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Best time to visit Dubrovnik

MR woman dressed in medieval costume performing in front of Church of St. Blaise located at the Luza near the Placa (Stradun) in Stari Grad (Old Town) Dubrovnik, Croatia.  A UNESCO World Heritage Site.

Dubrovnik has withstood earthquakes and sieges. Its marble flagstones and rugged walls give this lovely city – Croatia’s most popular – a timeless feel.

But the seasons vary hugely in Dubrovnik. Choosing the best time to visit depends on your attitude to the weather and the crowds. High summer can mean festivals and sun, while winter can seem like you have the city to yourself. Here’s the best time to visit Dubrovnik.

What’s the weather like in Dubrovnik?

Dubrovnik is in southern Dalmatia, near Croatia’s southern tip. The Adriatic offers swimming and water sports and gives this port city a maritime climate. Summers are warm and sunny, and winters are damp and fairly mild. It’s a compact place, with under 50,000 residents – making it significantly smaller than Split and Zadar further up the coast. That means the picturesque old town can get crowded, so plan your trip carefully.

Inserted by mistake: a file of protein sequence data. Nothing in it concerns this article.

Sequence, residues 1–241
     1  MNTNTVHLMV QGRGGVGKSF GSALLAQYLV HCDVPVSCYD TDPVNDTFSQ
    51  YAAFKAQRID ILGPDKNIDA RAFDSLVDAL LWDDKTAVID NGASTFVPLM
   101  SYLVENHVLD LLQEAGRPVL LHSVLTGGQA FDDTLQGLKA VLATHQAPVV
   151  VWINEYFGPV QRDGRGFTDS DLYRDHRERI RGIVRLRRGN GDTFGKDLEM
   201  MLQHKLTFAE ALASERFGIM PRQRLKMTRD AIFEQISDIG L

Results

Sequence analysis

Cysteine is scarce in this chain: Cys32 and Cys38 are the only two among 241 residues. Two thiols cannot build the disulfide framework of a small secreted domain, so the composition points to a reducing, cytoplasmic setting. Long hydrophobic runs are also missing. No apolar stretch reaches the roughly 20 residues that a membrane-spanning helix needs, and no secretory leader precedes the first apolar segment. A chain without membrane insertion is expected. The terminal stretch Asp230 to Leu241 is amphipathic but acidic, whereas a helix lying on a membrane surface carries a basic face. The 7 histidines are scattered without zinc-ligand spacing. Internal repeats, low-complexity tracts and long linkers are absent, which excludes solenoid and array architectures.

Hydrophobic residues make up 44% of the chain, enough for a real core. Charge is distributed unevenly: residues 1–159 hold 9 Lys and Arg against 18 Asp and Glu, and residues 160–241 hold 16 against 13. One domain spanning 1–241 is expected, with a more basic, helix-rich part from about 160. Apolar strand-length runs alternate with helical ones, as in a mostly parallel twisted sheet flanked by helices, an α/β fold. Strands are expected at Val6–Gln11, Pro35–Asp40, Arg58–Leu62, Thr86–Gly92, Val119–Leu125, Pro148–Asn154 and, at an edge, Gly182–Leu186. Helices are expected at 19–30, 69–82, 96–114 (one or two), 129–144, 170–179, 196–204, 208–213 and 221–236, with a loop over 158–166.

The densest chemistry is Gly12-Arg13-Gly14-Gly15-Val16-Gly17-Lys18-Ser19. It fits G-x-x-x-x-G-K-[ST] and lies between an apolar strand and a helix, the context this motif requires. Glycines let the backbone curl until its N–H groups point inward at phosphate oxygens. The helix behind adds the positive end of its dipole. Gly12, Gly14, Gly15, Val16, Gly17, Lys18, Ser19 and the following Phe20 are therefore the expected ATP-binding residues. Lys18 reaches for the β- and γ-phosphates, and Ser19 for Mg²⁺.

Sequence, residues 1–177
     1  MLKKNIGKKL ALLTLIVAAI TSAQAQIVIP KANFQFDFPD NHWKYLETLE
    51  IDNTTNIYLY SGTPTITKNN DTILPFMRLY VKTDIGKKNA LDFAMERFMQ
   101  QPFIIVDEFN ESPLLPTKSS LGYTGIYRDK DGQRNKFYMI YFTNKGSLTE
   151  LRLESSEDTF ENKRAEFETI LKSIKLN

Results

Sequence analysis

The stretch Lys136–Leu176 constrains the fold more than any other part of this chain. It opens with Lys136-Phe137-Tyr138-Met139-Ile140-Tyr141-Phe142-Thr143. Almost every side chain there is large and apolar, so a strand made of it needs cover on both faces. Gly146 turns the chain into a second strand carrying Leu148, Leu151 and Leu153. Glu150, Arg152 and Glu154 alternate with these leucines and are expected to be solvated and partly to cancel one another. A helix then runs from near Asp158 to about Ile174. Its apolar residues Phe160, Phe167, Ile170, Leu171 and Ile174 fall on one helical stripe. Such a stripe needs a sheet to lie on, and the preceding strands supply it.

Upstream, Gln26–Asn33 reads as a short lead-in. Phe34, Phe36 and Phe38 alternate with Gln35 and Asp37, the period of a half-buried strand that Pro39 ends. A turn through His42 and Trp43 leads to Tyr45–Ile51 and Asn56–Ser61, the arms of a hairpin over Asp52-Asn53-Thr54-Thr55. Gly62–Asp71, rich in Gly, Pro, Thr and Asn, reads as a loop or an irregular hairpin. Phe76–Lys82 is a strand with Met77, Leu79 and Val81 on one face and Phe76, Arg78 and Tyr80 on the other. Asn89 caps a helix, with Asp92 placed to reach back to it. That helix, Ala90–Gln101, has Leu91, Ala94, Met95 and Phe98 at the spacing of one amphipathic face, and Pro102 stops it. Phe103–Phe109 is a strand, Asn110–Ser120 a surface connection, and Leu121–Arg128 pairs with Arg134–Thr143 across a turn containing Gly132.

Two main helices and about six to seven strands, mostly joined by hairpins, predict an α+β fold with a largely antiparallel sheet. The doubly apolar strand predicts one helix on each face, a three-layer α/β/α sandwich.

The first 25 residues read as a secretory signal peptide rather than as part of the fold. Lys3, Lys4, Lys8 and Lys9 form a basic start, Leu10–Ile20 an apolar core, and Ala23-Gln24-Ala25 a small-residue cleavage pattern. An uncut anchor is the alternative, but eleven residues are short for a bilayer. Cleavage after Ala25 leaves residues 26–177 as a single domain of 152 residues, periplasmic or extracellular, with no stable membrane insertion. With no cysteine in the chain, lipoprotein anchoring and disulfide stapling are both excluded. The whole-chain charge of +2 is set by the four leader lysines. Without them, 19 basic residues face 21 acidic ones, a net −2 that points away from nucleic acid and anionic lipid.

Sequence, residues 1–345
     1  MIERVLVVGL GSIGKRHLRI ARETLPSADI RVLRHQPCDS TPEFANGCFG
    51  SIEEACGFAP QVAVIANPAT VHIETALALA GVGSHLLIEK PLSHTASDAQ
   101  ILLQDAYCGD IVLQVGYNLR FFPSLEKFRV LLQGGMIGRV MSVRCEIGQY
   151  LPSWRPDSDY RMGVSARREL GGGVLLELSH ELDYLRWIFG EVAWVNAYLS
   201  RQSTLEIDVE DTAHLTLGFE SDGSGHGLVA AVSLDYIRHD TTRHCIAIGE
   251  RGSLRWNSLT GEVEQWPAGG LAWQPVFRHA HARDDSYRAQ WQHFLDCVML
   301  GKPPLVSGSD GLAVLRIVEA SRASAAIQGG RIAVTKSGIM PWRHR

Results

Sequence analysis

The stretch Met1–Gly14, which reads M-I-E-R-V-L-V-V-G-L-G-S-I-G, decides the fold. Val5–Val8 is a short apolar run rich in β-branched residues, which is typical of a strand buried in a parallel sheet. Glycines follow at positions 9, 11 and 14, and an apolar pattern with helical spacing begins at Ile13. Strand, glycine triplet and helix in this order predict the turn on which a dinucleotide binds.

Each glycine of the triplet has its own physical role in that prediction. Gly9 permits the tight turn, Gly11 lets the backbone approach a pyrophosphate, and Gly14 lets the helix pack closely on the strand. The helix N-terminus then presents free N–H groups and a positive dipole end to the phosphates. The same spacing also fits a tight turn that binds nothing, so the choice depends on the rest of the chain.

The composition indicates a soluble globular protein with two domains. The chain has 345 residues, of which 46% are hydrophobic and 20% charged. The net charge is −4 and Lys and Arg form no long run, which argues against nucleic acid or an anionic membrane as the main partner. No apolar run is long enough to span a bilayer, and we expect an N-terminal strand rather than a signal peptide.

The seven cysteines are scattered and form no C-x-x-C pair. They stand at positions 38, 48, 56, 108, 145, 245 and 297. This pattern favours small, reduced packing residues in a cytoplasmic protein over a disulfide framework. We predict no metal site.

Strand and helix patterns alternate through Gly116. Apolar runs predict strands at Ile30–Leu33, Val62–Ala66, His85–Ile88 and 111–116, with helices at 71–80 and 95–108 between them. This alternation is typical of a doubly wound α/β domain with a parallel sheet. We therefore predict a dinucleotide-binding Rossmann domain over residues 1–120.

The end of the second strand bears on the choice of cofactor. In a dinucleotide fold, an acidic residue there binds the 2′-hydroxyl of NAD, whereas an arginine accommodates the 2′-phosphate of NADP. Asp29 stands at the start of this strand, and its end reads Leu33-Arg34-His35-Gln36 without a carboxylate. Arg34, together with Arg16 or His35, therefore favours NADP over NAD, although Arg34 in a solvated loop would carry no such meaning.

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There are plenty of festivals and events on during the high summer season © Michele Westmorland / Getty Images

Busy July and August are best for good weather and great festivals

In July and August (the high season), the sea is warm, and there’s an average of 11 hours of sunshine each day. Temperatures frequently exceed 95°F (35°C) as a constant stream of festivals – which focus on classical music, theater, folk and opera – arrive in town. Croatia’s many dance music festivals are further up the coast near Zadar, but buses and ferries make getting around a breeze.

This all means Dubrovnik gets busy, so arrange accommodations as early as possible. Overnight visitors are joined by cruise ship passengers several times a day, which can make the old town hectic. Things are quietest before 9.30am or after 3pm, and day trips and visits to nearby islands mean you won’t struggle to fill your day.

By August, the water is at its warmest, though you may need to look for longer to find a quiet spot – try hopping on a sea kayak or getting a boat to the car-free Elaphite Islands. Dubrovnik’s cultural blitz continues with concerts and theater (usually including 16th-century playwright Marin Držić’s exuberant comedies). The heat and high visitor numbers mean it’s not worth rushing – instead, go with the flow and soak up the atmosphere.

Man hoisting sail, backlit
Though the weather can be unpredictable, there is some good sailing off the coast of Dubrovnik in May © Gary John Norman…

Click Here to Read the Full Original Article at Stories – Lonely Planet…